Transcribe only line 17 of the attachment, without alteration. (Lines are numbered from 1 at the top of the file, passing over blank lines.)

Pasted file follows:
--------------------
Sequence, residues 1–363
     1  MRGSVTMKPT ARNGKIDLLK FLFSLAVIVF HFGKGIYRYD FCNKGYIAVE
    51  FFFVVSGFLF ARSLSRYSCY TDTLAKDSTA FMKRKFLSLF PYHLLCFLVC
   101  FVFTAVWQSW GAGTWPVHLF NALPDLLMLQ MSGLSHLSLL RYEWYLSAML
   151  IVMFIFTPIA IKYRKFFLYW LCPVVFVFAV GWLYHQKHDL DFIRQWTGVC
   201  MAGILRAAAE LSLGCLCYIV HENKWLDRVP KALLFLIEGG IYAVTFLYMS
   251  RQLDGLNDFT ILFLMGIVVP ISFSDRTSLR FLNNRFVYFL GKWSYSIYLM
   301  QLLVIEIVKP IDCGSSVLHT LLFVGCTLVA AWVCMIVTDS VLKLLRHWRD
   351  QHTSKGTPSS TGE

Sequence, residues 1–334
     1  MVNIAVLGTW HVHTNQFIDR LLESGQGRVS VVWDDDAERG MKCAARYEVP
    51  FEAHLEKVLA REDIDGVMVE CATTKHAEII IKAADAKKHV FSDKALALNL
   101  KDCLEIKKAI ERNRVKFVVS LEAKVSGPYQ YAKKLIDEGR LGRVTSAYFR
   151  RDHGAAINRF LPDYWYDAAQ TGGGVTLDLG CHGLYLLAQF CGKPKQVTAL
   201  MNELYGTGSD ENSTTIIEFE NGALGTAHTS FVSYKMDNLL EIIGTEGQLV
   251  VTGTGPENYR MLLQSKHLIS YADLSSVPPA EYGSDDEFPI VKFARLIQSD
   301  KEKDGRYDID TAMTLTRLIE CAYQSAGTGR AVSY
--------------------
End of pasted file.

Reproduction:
   301  KEKDGRYDID TAMTLTRLIE CAYQSAGTGR AVSY